July 28, 2022
“[A]nd if again I say that to talk every day about virtue and the other things about which you hear me talking and examining myself and others is the greatest good to man, and that the unexamined life is not worth living, you will believe me still less” (Plato, Apology, 38a)
Plato attributes this statement to Socrates at his trial. As many have noted, “Socrates believed that philosophy—the study of wisdom—was the most important pursuit above all. For some, he exemplifies more than anyone else in history the pursuit of wisdom through questioning and logical argument, by examining and by thinking” (Wikipedia article: “The unexamined life is not worth living”).
Many have taken this one phrase and brought it to bear on the study of “wisdom” in many contexts. As Christians, we are challenged to pursue wisdom above all. The word translated wisdom (Heb – חָכְמָה/hochmah; Greek – σοφία/sophia) is used 242 times in the biblical books we refer to as “wisdom writings”. The Greek word “philosophy” is a compound of philia (love) and sophia (wisdom) and thus simply means, the “love of wisdom.” Surely any person who claims in any way that the biblical texts were inspired by or even influenced by God, would be a lover of wisdom. According to Socrates and Plato (and others), the love of wisdom involves questioning and examining.
Yet, many Christians and many church leaders teach directly, and/or imply, that to question anything you’ve been taught is God’s truth is to have doubt and thus, at the very least, one who consistently questions and examines is in danger of losing their faith. For them, faith is unquestioning confidence in what you believe, but only if what you believe fits into their understanding of “orthodoxy” (i.e., right doctrine). If what you believe is “unorthodox” or “heretical” in their estimation, then you must question and examine.
I say again, “yet,” the biblical texts provide us with many examples of people questioning and examining what they’ve been told or what they believe or what was considered “orthodox” in their day and culture. Many are even bold enough to question God, and most of these people were not chastised or punished for doing so. At the very most some were mildly chastised to “stop doubting and believe.” It is my conviction that the biblical texts were written, edited, and compiled in such a way so as to encourage (and even force) questioning and examination through dialogue, discussion and even debate; which is a very Jewish thing to do.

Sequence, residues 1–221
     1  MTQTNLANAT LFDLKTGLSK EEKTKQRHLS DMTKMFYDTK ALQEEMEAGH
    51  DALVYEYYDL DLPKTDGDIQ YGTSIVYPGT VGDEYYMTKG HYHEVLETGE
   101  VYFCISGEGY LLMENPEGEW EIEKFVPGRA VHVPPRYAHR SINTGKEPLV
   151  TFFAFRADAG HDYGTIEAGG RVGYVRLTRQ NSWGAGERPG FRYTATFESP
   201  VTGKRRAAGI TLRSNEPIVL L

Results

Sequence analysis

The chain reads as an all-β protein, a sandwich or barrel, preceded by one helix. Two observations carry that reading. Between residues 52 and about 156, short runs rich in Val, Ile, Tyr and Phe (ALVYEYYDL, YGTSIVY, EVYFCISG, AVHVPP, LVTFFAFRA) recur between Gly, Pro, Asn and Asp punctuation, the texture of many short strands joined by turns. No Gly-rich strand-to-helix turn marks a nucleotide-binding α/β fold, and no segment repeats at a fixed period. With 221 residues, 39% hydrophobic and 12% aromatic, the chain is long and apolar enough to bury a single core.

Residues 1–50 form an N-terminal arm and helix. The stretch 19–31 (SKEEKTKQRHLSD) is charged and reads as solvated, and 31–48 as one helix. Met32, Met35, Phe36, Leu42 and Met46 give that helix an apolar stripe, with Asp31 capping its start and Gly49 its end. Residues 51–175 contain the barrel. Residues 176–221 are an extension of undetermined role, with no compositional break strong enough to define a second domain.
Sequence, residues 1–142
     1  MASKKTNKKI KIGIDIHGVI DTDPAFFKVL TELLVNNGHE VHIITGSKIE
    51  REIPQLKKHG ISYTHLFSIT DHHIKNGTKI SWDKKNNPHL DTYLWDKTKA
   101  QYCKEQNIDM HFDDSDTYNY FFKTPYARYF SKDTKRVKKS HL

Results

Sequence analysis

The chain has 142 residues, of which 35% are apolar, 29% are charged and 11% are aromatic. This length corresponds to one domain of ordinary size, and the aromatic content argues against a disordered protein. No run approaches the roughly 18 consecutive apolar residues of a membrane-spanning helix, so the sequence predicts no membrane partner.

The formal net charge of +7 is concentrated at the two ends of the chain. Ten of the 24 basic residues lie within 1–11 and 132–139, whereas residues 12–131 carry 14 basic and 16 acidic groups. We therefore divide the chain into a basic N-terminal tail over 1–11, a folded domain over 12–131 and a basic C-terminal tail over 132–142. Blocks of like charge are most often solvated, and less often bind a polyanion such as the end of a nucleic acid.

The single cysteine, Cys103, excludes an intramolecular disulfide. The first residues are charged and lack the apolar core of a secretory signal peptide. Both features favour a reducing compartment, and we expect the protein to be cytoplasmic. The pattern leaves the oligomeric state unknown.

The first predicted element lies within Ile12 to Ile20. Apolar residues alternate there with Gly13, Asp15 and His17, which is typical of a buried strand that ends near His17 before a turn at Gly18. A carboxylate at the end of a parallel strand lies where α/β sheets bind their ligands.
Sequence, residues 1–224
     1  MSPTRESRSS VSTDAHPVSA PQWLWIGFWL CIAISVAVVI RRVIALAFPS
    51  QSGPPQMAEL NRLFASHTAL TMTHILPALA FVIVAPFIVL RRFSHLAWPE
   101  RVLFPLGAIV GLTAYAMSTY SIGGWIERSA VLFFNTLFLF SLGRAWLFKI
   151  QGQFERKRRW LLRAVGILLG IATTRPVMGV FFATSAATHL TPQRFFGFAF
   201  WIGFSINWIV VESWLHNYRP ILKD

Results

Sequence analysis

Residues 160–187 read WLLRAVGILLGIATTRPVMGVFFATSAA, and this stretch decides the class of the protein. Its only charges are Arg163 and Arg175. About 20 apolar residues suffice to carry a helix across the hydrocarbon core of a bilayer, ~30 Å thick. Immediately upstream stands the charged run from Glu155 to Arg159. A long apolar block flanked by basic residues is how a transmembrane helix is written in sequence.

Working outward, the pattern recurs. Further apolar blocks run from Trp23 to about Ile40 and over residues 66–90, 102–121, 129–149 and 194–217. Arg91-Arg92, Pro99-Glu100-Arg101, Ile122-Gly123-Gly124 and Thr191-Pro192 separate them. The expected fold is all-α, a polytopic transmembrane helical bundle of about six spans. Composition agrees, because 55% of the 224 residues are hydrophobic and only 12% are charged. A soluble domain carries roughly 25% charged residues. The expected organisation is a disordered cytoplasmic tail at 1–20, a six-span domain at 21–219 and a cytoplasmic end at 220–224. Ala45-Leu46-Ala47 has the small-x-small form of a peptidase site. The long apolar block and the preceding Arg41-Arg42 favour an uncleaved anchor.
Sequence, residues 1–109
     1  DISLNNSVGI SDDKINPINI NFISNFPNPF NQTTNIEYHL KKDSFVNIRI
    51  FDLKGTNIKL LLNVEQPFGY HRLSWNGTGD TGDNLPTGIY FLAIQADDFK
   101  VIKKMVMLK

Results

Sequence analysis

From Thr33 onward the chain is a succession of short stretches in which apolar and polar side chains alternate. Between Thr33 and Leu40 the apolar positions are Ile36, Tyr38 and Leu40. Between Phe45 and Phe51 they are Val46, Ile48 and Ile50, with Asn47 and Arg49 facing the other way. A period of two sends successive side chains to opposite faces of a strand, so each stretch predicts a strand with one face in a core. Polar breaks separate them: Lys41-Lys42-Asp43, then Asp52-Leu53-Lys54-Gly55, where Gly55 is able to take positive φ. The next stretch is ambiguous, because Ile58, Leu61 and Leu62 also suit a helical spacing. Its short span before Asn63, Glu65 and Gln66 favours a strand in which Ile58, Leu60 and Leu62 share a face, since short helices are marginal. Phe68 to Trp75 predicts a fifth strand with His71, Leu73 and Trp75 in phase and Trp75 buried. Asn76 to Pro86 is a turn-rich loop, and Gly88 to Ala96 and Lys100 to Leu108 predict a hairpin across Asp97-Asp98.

The biblical texts are largely dialectical in nature. What does that mean? According to https://www.merriam-webster.com/dictionary/dialectic, it describes “any systematic reasoning, exposition, or argument that juxtaposes opposed or contradictory ideas and usually seeks to resolve their conflict: a method of examining and discussing opposing ideas in order to find the truth.” What we see in the biblical texts are diverse and, at times, contradictory perspectives laid out before us that, I’m convinced, are designed to cause us to think, question, examine, and discuss.
A prime example of dialectical process is found in the book of Job. I believe Job is not the historical account of a real person, but a parable that juxtaposes contradictory perspectives regarding the theological explanation of why people suffer. The “orthodox” belief among most Second Temple Jews was what some call “the theory of retribution” (i.e., if one is unrighteous that person will suffer consequences in this life and if one is righteous that person will be blessed in this life). The protagonist, Job, is a righteous man (declared so by God before the divine counsel), yet he is forced to suffer intensely (see Job 1-2). His “friends” come to commiserate with him but also to ensure that he understands, based on the evidence of extreme suffering, what a wretched sinner he must therefore be. However, Job denies that he is a wretched sinner, and so he debates with his “friends” and even questions and challenges God. Isn’t Job chastised by God for doing so? No, he isn’t. In fact, he is held up by God before his friends of speaking righteously about/to God! (Job 42:7-8).
Yet, if one reads (among other texts) Deuteronomy 28–30, this book definitely teaches that God engages in retributive action in that God punishes sin with intense suffering in this life and honours obedience through immeasurable blessings. So, who or what is true? Even Qoheleth (i.e., Ecclesiastes) sees no benefit in this life for pursuing righteousness, as he’s seen both the righteous and the unrighteous suffer in this life.
The biblical texts are very Jewish. Surprised? I hope not. The dialectical nature of their contents is no accident of scribal error or even consciously purposeful addition. Walter Brueggemann, in his book Theology of the Old Testament: Testimony, Dispute, Advocacy, has a lot to say about the Jewishness of the text. One key concept is that Jewish literature “is characterized by dialogical-dialectical modes of discourse” (83). He states, “For Israel and for Israel’s God, there is no deeper joy, no more serious requirement, no more inescapable burden, than to be reengaged in the process of exchange that never arrives but is always on the way” (84). “The Old Testament text,” Brueggemann insists, “is resiliently Jewish” (80). This is a reality that most Christian theologians and biblical scholars either minimize or ignore and of which most Christian are uninformed as to it impact on the dialectical nature of the text. Like rabbinic literature (200 CE and beyond), answers to theological issues are seldom clearly given.
The faith journey includes, and even necessitates, questioning. The love of wisdom is a process of seeking, asking, discussing, examining, so that the unexamined faith is not worth having!